by Tony E. Rutherford, News Editor

Margaret Mary Layne, executive director of the Huntington Museum of Art, has been introduced to Huntington City Council by Mayor Steve Williams.

Layne made a brief appearance in council chambers during the work session before the Monday, Sept. 22 council meeting.

Mayor Williams stressed that during 17 years working at the Huntington Museum of Art, she set a "standard" by opening the museum to the entire community. Although the museum (a.k.a. Huntington Galleries) had been a crown jewel, Williams said it had been principally supported by the "monied gentry" until her leadership made it more accessible, such as involving public schools in its programs.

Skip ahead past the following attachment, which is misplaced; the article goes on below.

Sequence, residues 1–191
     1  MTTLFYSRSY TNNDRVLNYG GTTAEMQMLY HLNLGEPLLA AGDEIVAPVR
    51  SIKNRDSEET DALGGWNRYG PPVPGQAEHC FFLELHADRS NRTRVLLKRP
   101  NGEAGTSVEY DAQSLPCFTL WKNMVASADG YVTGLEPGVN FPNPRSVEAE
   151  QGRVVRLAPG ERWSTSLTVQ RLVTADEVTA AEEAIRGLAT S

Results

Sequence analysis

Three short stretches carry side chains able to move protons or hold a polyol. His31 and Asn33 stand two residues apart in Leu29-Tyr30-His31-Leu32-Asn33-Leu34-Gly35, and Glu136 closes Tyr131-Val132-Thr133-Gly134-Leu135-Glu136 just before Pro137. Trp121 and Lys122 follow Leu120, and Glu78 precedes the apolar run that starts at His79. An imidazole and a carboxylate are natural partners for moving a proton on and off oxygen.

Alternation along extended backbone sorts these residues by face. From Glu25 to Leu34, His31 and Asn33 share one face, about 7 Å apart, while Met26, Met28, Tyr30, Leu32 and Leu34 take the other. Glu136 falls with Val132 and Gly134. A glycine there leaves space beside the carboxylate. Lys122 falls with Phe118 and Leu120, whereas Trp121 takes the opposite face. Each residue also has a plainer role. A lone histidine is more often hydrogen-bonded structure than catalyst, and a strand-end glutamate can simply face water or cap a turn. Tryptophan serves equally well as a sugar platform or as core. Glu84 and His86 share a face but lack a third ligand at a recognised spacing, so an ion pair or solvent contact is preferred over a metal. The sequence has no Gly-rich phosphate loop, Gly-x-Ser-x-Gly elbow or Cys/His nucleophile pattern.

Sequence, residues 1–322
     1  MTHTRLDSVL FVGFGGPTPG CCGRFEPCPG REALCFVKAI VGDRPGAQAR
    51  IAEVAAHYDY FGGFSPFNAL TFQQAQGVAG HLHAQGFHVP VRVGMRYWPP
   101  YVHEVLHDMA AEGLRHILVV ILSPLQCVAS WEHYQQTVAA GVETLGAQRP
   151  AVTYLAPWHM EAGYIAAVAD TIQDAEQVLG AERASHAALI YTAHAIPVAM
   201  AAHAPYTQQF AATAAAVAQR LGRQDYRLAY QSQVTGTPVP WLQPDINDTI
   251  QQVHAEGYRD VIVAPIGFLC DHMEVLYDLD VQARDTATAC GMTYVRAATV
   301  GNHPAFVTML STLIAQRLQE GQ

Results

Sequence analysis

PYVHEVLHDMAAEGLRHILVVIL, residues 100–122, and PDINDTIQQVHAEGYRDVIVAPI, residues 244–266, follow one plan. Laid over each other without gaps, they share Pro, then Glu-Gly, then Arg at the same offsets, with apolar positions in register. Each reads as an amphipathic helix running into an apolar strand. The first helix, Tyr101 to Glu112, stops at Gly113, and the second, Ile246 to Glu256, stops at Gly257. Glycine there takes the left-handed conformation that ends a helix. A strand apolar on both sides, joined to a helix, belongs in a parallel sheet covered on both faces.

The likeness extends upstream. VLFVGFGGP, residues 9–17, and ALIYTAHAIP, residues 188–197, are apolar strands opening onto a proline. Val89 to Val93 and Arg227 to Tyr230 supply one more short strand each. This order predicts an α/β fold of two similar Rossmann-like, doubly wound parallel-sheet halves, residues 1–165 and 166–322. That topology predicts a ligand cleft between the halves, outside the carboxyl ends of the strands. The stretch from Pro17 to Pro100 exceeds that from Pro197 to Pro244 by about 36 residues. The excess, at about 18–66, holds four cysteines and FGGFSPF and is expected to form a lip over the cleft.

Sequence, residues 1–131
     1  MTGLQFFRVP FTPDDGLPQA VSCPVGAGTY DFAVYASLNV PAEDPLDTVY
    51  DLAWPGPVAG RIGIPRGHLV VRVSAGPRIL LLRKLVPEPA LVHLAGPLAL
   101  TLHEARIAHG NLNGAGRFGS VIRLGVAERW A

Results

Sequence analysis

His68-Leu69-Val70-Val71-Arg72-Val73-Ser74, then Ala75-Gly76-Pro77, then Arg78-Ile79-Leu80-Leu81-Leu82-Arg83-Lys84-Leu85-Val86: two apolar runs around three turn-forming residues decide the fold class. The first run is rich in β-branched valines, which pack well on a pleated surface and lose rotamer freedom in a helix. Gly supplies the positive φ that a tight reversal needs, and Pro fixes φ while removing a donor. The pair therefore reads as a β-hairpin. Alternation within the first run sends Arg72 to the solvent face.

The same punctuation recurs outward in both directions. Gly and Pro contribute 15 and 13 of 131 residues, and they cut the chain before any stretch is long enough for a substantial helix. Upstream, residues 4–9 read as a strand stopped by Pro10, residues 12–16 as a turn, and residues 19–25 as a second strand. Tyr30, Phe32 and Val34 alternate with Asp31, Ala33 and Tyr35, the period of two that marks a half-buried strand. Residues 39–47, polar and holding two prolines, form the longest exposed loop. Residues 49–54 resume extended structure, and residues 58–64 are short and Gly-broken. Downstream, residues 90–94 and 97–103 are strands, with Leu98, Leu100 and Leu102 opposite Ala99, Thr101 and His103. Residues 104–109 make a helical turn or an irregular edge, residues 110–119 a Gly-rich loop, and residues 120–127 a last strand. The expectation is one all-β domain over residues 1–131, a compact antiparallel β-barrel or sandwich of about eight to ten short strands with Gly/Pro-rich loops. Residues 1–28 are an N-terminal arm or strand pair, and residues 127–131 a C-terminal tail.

"I am thrilled to be here," Layne said.  "I think everything I have been doing in life has prepared me for this particular job. I feel there's an energy in this building and throughout the community that I'm just dying to be a part of," adding that she has dreamed of making Huntington a better place.


Public Safety Committee chairman David Ball will soon set a meeting date for the meeting where the bicycling, the inquiry concerning the area taxi franchise, and sound signals at downtown intersections  for the blind  will make up the agenda. The American Federation of the Blind has a technology testing office in the Chase building on Fifth Avenue.


Council member Joyce Clark complimented a 150 person strong volunteer group headed by Luke Huffman which on Sunday, Sept. 21 cleaned brush and cut grass, including the perimeter surrounding the former Thompson Pool.